His Domain

(His Cage and Play Gym)

As I previously stated, I don't believe in getting the smallest suggested cage for my pets, but a cage that will better enhance their life. Based on this I purchased a Featherland cage. The specific model was the Stainless Steel Folding Cage 2130. The dimensions of this cage are 21” deep x 30” long x 64” high (the cage body is 41” high). The bars have a bar spacing of 5/8" made from 3mm wire. Though this is a folding cage, I have not taken advantage of this ability. I purchased this cage because it is stainless steel and I felt this was very good for cleaning and hygiene.

Here's a photo of Pepper's cage.

A bare cage is not good for a companion parrot, so I've filled Pepper's with a variety of toys and perches. You've already heard about his toys (14 are in his cage) on Page 4: Toys And Beak Power. Pepper's cage has ten perches (perching areas). One long, sanded, natural wood perch that came with his cage. Two straight branches with bark. One multi-branch manzanita perch. One Polly's Sand Walk Orthopedic Nail Trimming Perch. One twisted concrete grooming perch. One Booda Comfy Perch, cotton rope perch. One cotton rope spiral bungie. One cotton rope triangular swing. One bird hut. Most of the toys and perches are in the top third of the cage, giving it a tree canopy-like environment. Pepper will often be up there playing and many visitors have had trouble initially finding him if he's sitting quietly. Though this may sound tightly packed, I can actually reach in to all areas of the top, have Pepper step-up on my finger, and bring him out without banging into perches or toys. Also, at different levels along the sides and back of the cage there are toys hanging.

Below are two photos, looking through the opened cage door at Pepper's cage, which is filled with toys.

Notice how most of the toys are in the upper third of his cage.

I have been very pleased with this cage. The large front door makes working in the cage or taking Pepper out or returning him into the cage easy. Though I don't use them, there are four doors for accessing the food and water bowls. As for my main reason for purchasing a stainless steel cage, cleaning it is a breeze and it always looks good.

Pepper loves to be on top of his cage. He often runs side to side, then when he gets to the end leans way over and looks down.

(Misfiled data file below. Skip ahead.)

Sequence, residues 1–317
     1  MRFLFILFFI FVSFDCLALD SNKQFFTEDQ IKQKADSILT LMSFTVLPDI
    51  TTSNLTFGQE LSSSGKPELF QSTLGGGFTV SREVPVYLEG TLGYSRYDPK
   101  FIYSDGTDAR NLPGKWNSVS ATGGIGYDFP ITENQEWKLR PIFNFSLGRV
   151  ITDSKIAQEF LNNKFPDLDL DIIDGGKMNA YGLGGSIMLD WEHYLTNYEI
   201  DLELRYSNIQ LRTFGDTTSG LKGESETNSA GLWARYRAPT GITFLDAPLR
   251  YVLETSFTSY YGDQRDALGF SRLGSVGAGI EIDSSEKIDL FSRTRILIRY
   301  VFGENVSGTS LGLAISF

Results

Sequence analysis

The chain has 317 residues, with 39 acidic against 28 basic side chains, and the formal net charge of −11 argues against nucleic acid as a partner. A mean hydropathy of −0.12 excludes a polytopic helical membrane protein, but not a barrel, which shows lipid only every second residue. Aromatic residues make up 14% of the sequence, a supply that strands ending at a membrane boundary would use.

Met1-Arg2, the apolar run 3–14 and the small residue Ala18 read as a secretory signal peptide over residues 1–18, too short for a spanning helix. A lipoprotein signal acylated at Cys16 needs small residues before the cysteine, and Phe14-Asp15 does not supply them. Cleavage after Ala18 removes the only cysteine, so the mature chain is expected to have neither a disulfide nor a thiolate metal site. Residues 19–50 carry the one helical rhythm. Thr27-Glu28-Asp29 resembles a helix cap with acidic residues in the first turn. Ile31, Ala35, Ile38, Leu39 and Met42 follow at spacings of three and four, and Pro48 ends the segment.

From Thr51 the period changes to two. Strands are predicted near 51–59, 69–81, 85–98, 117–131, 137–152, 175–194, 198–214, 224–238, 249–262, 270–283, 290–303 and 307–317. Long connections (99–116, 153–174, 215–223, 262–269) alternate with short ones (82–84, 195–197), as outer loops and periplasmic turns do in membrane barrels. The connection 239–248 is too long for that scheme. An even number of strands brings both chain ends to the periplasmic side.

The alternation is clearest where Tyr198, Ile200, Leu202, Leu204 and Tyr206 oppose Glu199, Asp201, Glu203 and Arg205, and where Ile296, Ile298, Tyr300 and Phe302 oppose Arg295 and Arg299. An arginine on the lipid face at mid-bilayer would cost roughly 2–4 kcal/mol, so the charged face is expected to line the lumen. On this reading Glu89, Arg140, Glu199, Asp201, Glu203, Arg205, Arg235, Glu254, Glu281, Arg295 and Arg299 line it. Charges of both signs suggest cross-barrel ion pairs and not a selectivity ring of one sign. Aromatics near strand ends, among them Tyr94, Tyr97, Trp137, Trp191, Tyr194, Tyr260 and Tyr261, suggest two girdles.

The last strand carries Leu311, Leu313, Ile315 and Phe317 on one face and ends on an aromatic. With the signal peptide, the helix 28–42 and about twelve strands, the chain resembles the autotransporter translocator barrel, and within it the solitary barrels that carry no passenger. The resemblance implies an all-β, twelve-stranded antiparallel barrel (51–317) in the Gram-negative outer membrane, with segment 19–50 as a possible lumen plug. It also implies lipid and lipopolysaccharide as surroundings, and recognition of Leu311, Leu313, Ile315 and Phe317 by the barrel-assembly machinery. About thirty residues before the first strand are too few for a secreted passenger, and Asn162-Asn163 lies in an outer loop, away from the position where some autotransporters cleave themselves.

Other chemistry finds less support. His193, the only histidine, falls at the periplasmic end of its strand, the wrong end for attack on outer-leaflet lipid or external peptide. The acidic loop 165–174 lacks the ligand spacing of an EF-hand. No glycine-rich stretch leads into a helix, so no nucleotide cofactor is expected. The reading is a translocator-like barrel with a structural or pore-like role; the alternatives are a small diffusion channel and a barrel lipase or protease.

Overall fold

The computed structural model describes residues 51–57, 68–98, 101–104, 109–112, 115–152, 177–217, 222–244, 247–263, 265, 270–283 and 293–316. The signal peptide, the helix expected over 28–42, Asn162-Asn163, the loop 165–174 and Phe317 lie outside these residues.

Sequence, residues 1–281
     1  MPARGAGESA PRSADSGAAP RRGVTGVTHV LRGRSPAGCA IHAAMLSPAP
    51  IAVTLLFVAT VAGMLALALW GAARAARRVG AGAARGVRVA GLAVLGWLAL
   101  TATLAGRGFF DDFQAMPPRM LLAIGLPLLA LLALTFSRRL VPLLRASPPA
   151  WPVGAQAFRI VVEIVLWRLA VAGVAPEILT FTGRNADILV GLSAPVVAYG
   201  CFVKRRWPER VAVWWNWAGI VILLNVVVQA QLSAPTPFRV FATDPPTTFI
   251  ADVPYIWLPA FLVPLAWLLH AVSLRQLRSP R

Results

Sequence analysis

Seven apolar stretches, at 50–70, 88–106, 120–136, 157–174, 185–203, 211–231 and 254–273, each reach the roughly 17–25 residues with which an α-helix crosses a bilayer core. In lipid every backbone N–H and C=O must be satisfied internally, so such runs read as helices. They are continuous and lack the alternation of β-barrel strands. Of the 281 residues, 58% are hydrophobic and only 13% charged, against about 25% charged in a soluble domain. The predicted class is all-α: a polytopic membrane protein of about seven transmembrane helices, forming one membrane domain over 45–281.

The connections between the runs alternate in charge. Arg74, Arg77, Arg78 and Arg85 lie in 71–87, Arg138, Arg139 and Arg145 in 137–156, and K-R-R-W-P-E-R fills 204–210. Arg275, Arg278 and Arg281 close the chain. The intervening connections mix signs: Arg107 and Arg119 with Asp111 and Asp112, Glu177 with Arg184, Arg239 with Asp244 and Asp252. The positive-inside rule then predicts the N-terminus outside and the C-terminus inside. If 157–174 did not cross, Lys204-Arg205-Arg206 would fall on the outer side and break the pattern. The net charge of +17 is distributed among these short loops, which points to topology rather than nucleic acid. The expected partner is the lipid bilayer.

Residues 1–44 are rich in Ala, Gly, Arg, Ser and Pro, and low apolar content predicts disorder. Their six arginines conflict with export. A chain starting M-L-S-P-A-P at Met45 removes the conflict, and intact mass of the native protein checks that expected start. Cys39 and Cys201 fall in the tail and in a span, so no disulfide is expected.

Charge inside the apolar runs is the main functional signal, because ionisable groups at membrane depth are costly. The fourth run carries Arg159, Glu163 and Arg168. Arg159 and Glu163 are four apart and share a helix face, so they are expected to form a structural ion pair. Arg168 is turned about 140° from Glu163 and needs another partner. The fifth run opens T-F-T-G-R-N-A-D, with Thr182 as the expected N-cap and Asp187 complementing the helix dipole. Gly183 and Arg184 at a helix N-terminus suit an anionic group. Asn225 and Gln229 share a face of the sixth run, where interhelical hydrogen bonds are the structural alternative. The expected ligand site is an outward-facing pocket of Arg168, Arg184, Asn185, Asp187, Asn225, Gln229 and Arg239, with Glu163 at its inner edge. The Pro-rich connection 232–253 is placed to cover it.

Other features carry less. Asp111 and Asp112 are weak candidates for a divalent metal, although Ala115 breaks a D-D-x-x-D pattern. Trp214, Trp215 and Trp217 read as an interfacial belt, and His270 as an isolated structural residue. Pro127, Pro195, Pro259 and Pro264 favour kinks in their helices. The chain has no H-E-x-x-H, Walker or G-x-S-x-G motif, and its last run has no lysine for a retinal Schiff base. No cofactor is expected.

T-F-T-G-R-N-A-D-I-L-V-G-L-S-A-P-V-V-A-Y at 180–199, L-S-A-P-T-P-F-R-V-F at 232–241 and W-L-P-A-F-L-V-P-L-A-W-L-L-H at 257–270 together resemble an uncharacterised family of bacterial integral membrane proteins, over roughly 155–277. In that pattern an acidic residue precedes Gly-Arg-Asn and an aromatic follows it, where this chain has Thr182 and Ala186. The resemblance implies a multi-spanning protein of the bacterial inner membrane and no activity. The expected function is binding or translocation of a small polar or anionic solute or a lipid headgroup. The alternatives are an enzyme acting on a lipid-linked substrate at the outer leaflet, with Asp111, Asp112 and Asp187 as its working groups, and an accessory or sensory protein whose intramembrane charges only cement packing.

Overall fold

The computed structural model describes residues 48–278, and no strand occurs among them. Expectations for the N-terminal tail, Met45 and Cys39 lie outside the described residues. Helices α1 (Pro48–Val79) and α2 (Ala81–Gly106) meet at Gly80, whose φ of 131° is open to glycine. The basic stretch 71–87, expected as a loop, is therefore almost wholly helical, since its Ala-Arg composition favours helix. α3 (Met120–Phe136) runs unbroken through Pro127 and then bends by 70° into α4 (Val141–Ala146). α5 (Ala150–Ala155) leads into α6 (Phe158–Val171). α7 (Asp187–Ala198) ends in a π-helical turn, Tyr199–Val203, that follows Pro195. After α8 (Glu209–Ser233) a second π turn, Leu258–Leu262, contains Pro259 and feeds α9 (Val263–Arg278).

Pepper has an Acrobird Play Gym. The model is an 18" Playland (now they make this play gym line 20", not 18"), that stands on their MST Stand. Added to the play gym are two sisal rope perches, 6 hanging toys and usually 4-6 foot toys. Also, there are always a bowl of fresh water and a bowl of the two pellets he eats on his play gym.

Here's are two photos showing Pepper's play gym.

Though I like this play gym and am considering buying a second one (the Acrobird 20" Pyramid) for use in another room, I have four concerns with it. First, Pepper has decided to chew on the sides of the base and has done some good damage to it (See photos below). I shouldn't really complain, we all know parrots love to chew and the wood has held up well to his chewing. Second, due to the low lip on the sides of the base, the corn cob substrate is easily kicked over the side onto the floor. Third, if liquid waste gets on the sides and dries, it is very difficult to remove without scraping with a knife or sanding it off. Finally, Pepper decided it was more fun climbing over the side and hanging under the base, so I had to add a way for him to get back up on his own. He spends about a quarter of his time under his play gym (See photos below). What can I say, a birds just gotta have fun.

Here's are two photos showing how Pepper

has chewed the sides of his play gym.

Below are four images of Pepper playing under his play gym.

Pepper's kept busy chewing on the wood under his play gym. I took this image during February 2007. I taped a yard stick to the edge to better show you how much he's chewed (OK, demolished) the side and the corner that used to be there.

I keep the play gym in my living room. I've eliminated most of my concerns for bird droppings, food, feathers, and substrate material getting on the floor. I purchased a 4' x 3' piece of heavyweight clear plastic tablecloth to go under the cage. Each evening this gets folded, taken to the trash, and all the accumulated waste is dumped from it. Each week a quick washing in the tub makes it look as good as new. Though all the wet wastes land on the plastic, a certain amount of substrate and feathers end up on the floor each day, so a quick vacuuming is always needed. As most bird owners will probably agree, I'm often picking up feathers, food, or other dropped items on the floor during the day.

The substrate I use in both the cage and play gym is a corn cob product. I buy it in 25 pound bags. I like this product a lot. My only problem with it is my fault. Since it hides a lot of the material that drops into it, I find that my weekly major cleaning and changing of this bedding material does not take place.

Go To Page 9: Traveling With A Bird

Page 1: Pepper -- A Senegal Parrot
Page 2: So, Why Choose A Senegal Parrot?
Page 3: Our First Days Together
Page 4: Toys And Beak Power
Page 5: Birdie Baths
Page 6: Food and Feeding
Page 7: Parrot Sounds -- Does He Talk?
Page 8: His Domain (His Cage And Play Gym)
Page 9: Traveling With A Bird
Page 10: After Two Years Together
Page 11: Parrot Behavior And Attitude
Page 12: Other Topics (Cleaning, Hygiene, Air Filters)
Page 13: Answering Your Questions

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